Josefina Vidal, director of U.S. affairs at the Cuban foreign ministry, addresses the media during a conference in Havana May 16, 2016. REUTERS/Enrique de la Osa(reuters_tickers)
HAVANA (Reuters) - Cuba and the United States aim to reach new agreements on cooperation in law enforcement, health and agriculture over the coming months, a senior Cuban official said on Monday, as part of the former Cold War foes' drive to normalise ties.
The Communist-ruled island and its northern neighbour re-established diplomatic relations a year ago after decades of hostility and have since signed deals on the environment, postal services and direct flights.
A bilateral commission met on Monday in Havana to establish a roadmap for talks over the rest of this year, which would include more high-ranking official visits, said Josefina Vidal, head of the Cuban delegation.
In March, Barack Obama became the first sitting U.S. president in 88 years to visit Cuba.
"The agenda is quite ambitious," Vidal told a news conference, adding that talks about intellectual property rights were also in the cards.
The two sides had discussed holding dialogues on human rights and claims, the U.S. embassy in Cuba said in a statement.
They already outlined their respective claims late last year, with the U.S. seeking upwards of $10 billion (£6.9 billion) in compensation for nationalized properties and Cuba demanding at least $121 billion in reparations for the U.S. trade embargo and other acts it described as aggression.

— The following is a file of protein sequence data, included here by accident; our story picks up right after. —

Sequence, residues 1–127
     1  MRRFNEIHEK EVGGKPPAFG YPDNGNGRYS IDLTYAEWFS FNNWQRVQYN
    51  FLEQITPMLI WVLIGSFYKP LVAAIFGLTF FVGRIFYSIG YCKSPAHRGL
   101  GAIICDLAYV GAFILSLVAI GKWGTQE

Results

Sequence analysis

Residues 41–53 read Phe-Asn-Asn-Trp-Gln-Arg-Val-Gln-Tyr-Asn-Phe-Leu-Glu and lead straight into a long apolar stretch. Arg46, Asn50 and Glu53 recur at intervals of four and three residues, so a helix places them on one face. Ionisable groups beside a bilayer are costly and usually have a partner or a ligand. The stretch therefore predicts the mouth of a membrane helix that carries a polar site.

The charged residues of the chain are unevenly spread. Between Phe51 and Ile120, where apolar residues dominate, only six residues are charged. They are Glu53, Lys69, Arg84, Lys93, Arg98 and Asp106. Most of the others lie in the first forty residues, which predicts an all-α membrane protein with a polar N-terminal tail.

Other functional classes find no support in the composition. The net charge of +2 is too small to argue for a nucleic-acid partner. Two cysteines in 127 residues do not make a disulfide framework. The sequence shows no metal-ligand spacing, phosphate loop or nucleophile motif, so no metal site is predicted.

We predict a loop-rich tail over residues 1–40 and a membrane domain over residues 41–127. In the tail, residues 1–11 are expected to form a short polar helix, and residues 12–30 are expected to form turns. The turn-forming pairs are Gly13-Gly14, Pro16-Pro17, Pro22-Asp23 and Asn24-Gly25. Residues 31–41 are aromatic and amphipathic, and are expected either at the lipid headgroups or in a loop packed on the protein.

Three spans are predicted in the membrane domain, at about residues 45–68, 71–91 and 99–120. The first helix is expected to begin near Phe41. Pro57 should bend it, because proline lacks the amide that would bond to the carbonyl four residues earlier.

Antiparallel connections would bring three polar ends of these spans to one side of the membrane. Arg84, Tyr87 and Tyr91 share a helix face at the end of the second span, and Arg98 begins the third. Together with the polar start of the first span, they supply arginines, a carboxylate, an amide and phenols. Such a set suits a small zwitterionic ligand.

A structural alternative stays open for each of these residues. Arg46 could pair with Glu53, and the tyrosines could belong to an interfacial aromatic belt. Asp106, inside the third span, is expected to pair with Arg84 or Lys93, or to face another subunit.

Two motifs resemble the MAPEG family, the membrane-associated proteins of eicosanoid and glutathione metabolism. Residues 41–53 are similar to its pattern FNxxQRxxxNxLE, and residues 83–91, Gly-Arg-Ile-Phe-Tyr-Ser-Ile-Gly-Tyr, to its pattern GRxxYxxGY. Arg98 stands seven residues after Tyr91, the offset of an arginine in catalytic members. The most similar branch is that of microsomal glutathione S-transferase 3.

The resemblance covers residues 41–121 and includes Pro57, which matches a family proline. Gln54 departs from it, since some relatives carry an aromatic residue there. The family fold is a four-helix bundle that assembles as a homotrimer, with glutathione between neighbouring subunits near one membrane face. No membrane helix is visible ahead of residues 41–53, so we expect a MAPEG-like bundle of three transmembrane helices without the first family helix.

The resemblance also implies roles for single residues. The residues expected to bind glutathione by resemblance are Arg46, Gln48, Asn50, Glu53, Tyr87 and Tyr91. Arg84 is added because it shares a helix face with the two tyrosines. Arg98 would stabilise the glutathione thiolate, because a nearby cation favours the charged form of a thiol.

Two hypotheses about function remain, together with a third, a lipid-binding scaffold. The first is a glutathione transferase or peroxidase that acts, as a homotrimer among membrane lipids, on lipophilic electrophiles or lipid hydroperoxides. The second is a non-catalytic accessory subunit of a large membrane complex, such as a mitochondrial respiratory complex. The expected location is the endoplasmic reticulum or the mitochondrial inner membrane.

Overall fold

"The United States looks forward to holding these meetings in the near future," the embassy said. "Tomorrow (we) will discuss specific steps related to bilateral security during the law enforcement dialogue."
Vidal, who is the Cuban Foreign Ministry's chief of U.S. affairs, said the island was hopeful that whomever became next the U.S. president would continue to deepen the detente. The United States will hold a general election on Nov.8.
"When you look at the polls, the majority of the American population and the Cuban American community are in favour of the normalization of relations," she said. "So I expect their opinion will be taken into account."
(Reporting by Sarah Marsh; Editing by Toni Reinhold)